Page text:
Mar 24, 2010

In Which the Author Gives a Stern Warning to African Weather Systems

Dear Harmattan,

My good friend Julie has been writing letters, so I thought I would write one as well - to you. Harmattan, you are confusing me. You don't show up for three months and then, just when we are ready to move on and forget you ever existed, you make a surprise appearance, messing up everyone's plans. You are like the uncouth guest who comes over unannounced and eats all the food your host was preparing for a dinner party that evening. Except instead of eating the provender of a dinner party, you eat up the cleanliness that comes with the rain. You track dirt throughout every home. You crack open people's lips worse than a Minnesota winter. And worst of all, you take the beautiful clear air of rainy season and transform it into a hazy miasma that obscures even the nearest buildings from view and coats our throats with a film of tiny rocks.

Normally I would put up with your refusal to follow clear atmospheric guidelines, but you have chosen to arrive at an extremely inopportune time. You see, we are having spring break soon. We will be traveling to see mountains in Cross River State. So obviously, your arrival is frustrating. How can we see mountains if you are throwing your dust in the air? How can we enjoy the beautiful green of trees and the stern appearance of fieldstones if you are there tinting Nigeria with beige colored glasses?

Here is my demand. Leave now. Allow our friend the rain to come visit and clean up your mess. And if you want to show up in the future, I suggest you do it when we are expecting you, and not several months too late!

(While this letter is written in apprehension and frustration, I feel that I must inform you that even though you have come at an unfortunate moment, your lack of heat and too-bright light is appreciated. Kindly bring them at a more appropriate time next year)



Mar 13, 2010

In Which the Author Recommends Four Books to His Readers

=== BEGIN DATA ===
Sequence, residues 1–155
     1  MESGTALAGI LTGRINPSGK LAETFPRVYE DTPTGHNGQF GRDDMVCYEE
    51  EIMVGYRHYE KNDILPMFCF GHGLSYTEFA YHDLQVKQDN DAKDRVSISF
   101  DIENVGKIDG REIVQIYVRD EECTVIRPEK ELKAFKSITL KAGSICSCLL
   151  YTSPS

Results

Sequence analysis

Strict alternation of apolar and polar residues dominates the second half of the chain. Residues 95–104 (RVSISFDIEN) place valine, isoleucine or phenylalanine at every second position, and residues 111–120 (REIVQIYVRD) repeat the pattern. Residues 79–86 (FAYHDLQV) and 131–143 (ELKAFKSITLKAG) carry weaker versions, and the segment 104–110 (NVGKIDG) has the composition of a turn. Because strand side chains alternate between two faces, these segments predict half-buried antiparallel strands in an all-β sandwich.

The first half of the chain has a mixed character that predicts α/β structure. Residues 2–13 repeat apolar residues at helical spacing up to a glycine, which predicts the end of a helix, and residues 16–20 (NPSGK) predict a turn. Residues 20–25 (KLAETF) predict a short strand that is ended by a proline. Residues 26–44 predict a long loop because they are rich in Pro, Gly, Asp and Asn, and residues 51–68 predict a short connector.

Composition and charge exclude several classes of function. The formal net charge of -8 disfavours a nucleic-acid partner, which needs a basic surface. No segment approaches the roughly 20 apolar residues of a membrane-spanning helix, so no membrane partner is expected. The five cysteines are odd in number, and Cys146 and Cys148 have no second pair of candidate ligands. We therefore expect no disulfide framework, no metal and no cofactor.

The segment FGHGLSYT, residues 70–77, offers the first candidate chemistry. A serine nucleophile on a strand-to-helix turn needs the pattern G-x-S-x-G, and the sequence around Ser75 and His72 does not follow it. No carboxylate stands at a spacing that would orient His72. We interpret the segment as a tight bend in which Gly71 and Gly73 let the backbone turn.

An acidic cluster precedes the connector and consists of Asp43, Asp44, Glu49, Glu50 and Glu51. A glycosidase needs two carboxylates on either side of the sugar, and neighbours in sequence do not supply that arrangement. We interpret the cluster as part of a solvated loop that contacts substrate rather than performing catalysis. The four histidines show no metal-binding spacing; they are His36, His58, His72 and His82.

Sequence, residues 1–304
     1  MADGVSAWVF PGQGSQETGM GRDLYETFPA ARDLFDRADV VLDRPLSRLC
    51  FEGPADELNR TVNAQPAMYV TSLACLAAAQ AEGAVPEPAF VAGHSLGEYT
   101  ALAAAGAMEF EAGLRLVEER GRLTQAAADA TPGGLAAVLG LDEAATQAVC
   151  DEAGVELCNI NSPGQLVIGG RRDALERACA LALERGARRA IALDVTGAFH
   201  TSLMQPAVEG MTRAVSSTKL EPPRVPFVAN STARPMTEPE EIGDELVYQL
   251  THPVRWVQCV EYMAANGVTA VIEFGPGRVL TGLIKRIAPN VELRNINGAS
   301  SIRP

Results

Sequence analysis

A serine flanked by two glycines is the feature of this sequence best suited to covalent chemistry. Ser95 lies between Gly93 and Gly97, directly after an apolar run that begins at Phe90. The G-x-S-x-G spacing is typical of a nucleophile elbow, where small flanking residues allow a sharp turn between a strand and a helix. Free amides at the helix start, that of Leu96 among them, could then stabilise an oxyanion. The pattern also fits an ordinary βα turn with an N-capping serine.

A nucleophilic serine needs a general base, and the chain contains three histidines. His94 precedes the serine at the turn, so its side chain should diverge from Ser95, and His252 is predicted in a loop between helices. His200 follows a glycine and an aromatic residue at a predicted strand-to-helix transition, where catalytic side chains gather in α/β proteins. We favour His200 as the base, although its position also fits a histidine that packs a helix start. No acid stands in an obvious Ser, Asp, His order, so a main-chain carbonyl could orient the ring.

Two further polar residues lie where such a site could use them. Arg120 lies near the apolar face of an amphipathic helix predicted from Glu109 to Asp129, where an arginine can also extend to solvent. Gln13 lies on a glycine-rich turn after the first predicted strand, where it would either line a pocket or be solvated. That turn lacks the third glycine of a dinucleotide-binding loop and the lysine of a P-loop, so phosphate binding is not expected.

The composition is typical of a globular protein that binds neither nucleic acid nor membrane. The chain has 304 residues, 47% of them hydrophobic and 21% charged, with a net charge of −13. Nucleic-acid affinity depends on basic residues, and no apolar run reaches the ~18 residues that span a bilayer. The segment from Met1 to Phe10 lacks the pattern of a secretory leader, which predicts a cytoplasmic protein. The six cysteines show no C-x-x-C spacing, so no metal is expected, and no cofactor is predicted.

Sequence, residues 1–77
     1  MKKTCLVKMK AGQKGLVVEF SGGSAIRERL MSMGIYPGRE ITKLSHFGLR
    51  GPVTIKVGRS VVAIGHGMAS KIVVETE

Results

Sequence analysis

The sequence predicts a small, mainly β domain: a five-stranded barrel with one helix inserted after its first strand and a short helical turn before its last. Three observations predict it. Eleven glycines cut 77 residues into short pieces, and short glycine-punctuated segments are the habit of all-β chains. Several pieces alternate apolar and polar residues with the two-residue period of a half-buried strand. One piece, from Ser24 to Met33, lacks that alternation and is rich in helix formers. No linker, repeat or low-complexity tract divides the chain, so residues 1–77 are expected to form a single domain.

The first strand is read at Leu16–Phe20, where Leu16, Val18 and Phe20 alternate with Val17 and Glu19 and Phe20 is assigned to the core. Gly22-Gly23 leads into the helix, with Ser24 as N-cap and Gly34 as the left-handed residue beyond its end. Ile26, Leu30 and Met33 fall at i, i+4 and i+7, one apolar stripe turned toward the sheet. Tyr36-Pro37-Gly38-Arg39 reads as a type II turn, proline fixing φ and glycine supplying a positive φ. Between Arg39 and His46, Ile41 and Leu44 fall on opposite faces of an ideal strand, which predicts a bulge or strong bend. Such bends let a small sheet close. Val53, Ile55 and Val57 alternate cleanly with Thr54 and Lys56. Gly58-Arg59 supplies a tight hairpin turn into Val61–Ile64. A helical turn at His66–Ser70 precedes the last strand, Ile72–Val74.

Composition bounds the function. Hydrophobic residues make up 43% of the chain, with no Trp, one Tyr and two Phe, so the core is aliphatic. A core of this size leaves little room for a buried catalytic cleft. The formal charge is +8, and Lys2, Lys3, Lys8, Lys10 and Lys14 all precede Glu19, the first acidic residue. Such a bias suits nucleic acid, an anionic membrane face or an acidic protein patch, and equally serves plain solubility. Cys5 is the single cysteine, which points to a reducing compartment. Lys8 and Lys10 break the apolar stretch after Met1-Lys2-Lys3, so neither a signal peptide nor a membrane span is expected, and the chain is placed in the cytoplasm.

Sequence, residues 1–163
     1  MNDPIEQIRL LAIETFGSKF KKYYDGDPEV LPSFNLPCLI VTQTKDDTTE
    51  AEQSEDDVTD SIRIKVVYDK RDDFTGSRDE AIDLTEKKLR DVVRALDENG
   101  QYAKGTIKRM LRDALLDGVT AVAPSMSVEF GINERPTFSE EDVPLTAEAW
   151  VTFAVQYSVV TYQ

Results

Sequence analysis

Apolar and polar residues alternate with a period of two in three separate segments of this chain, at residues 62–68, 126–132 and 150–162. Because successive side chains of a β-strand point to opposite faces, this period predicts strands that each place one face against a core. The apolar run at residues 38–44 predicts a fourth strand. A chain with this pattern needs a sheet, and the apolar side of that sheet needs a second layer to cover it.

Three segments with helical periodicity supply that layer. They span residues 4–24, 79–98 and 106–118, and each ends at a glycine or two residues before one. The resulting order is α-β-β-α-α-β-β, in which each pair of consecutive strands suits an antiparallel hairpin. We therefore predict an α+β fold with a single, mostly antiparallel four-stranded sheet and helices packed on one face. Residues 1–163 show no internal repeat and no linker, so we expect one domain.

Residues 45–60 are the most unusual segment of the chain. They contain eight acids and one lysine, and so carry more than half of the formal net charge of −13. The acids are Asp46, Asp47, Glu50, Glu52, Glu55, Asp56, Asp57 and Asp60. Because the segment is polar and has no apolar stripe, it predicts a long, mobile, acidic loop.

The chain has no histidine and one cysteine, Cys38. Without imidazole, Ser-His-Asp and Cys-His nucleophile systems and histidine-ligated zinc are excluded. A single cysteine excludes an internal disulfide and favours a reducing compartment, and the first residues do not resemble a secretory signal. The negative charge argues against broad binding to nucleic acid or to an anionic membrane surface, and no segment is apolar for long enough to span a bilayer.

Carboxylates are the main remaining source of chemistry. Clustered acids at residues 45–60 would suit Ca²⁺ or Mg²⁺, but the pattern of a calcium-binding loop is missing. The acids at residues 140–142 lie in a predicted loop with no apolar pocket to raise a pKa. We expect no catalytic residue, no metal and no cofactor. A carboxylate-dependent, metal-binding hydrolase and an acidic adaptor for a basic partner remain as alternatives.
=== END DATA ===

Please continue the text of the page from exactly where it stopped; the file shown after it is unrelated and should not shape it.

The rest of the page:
One of my goals for 2010 is to read some classics that I've not read before. I thought I'd give an update about some of the best (new) ones I've read since January:

A Tale of Two Cities by Charles Dickens:
This book is . . . incredible. It earned itself a place in my top three best books. The storyline is riveting, the style of writing is poetic, and the allegory in the final chapters is sobering. Absolutely wonderful.

1984 by George Orwell:
I can't believe it took me until I was 23 to read this book, but I'm glad I did. I enjoyed the plot, but the very end was a bit too depressing for me. I had a hard time because Orwell takes away any hope that might remain for redemption. Kind of sucks, but it's still a fascinating read.

One Day in the Life of Ivan Denisovich by Alexander Solzhenitsyn:
A very fast read, but intriguing as well. Even though I have spent some time in the former U.S.S.R., I have to say I have a fairly large blind spot when it comes to the realities of communism and what Russian life was like. Similarly to Catcher in the Rye, nothing really happens in this book, but it's more about a character and his day to day life.

The Grapes of Wrath by John Steinbeck:
I probably shouldn't even write this one, as I'm only partially finished with it, but I'm really enjoying it so far. I've never read anything by Steinbeck, so his writing style is new and yet comforting at the same time. A good read thus far.

What types of books are you reading? What would you recommend?